As promised when I released *numtype-tf* in January I have now also created the *dimensional-tf* library – a conversion of the *dimensional* library to use *Type Families* instead of *Functional Dependencies*.

I skipped the experimental and to my knowledge unused `CGS`

and `Extensible`

modules. If you would like to see them ported let me know.

For straight-forward usage, e.g. the examples on the dimensional wiki, the only change required from library users to switch from dimensional to dimensional-tf is inserting `.TF`

in the import statements. E.g.:

```
import Numeric.Units.Dimensional.TF.Prelude
import Numeric.Units.Dimensional.TF.NonSI
```

In such cases the choice of using dimensional backed by functional dependencies or type families is largely philosophical as neither will be visible in the client code.

If you do more advanced things with polymorphic dimensions and explicit type signatures you will have to convert the type signatures from MLTC style constraints to type families. E.g.:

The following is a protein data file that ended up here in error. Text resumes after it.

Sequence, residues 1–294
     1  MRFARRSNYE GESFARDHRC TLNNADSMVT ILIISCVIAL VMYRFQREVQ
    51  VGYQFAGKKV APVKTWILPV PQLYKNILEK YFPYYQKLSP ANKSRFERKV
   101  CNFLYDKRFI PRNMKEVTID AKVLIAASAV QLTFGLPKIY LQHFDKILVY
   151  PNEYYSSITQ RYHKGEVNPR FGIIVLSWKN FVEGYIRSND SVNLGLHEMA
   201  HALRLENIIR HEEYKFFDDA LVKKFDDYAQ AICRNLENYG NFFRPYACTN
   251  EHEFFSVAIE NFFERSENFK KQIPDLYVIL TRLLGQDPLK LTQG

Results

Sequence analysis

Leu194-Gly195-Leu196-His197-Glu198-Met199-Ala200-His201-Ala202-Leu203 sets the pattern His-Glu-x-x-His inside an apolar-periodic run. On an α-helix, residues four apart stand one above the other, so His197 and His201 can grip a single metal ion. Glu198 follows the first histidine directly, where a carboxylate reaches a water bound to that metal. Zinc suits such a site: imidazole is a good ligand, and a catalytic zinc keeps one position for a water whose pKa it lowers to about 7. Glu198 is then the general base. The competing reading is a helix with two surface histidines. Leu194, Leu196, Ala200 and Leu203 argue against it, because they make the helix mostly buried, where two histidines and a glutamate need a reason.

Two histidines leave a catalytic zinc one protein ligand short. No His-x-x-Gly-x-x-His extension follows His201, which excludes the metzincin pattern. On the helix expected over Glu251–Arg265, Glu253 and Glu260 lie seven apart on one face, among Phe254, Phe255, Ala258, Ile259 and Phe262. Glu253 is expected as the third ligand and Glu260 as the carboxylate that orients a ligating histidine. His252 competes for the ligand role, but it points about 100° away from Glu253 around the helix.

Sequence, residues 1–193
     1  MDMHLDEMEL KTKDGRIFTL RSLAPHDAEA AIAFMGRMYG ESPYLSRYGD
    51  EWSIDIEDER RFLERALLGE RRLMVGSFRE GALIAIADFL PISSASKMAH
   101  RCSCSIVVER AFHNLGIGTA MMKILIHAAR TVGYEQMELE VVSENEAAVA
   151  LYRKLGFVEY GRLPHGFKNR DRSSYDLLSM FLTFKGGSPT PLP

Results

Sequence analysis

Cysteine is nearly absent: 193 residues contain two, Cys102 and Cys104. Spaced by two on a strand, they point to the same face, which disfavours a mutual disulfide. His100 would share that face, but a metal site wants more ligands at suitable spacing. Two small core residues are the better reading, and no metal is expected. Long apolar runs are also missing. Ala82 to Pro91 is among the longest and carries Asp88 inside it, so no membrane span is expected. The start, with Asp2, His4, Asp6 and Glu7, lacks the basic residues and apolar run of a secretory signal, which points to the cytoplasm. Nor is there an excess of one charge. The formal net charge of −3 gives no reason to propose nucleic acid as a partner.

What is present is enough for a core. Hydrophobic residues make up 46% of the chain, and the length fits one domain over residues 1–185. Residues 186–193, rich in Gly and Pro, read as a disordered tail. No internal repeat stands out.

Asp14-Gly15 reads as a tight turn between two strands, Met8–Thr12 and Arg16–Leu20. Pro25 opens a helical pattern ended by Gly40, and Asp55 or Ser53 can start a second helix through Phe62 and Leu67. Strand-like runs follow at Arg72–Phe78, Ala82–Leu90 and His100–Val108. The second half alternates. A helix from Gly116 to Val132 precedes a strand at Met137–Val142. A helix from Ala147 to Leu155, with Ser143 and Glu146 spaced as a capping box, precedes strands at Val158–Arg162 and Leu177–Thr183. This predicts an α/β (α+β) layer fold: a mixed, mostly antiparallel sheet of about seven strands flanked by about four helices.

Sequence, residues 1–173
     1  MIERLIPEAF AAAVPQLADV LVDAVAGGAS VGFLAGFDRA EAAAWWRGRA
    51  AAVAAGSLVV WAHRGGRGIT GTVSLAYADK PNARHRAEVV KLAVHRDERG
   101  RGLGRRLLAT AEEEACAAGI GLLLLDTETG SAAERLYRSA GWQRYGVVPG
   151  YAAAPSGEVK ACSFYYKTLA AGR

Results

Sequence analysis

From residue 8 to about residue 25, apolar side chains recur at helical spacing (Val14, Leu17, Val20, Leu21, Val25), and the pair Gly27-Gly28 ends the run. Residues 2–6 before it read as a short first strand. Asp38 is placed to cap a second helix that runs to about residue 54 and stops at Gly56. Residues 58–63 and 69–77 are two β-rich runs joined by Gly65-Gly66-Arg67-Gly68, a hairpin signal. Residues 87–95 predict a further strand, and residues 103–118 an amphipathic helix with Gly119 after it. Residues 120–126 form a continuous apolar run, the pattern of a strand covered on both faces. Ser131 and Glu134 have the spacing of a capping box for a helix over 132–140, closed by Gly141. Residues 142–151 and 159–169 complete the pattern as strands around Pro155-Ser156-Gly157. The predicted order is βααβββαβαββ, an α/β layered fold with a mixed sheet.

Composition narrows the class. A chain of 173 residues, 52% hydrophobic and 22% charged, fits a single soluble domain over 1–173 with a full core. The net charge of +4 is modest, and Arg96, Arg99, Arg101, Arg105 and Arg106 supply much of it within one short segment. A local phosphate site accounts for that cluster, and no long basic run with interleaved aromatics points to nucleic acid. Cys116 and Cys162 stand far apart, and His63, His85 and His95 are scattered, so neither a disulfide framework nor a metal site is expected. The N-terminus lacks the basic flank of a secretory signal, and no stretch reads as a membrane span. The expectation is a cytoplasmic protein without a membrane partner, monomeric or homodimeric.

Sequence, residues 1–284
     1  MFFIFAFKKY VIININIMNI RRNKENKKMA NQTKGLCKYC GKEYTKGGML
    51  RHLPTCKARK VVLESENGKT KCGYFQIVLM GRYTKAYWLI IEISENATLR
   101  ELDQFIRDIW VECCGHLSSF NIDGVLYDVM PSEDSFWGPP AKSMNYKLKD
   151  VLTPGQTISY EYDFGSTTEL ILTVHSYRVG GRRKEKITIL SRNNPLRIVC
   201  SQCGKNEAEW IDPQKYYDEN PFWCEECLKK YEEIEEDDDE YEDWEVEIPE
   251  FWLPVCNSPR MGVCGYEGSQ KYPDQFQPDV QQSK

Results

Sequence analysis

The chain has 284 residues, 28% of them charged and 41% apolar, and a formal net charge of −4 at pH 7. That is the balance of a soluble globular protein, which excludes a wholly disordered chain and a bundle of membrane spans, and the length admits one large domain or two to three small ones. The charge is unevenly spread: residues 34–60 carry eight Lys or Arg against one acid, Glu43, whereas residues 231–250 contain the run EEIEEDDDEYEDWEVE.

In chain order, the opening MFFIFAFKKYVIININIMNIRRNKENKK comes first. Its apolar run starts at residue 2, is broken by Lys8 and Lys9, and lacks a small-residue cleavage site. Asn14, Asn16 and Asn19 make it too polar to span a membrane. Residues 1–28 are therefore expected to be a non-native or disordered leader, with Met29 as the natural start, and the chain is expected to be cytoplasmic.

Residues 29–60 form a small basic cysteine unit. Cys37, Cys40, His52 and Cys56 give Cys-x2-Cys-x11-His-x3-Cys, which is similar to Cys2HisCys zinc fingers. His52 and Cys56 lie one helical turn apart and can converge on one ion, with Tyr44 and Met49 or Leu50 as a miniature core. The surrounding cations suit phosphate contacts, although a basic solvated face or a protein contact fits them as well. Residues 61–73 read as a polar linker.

`myFunc :: (Num a, Mul d1 d2 d3) => Quantity d1 a -> Quantity d2 a -> Quantity d3 a`

would change to:

`myFunc :: Num a => Quantity d1 a -> Quantity d2 a -> Quantity (Mul d1 d2) a`

Compiler errors will also be different in dimensional-tf, for better or for worse.

So, should you use dimensional or dimensional-tf? For the time being I consider dimensional-tf to be experimental. If you want stability stick with dimensional for now. If your dislike of functional dependencies trumps your need for stability, then try dimensional-tf. If dimensional-tf eventually proves itself to be a better dimensional I will merge it into the latter with a major version bump.

Dimensional-tf-0.1 compiles on GHC-7.0. The source code is on Github.

**Update 2012-02-15:** In case this wasn't building for you on GHC-7.4.1; I've added a FlexibleInstances pragma that should take care of it. Dimensional-tf-0.1.0.1 compiles on GHC-7.0 and 7.4.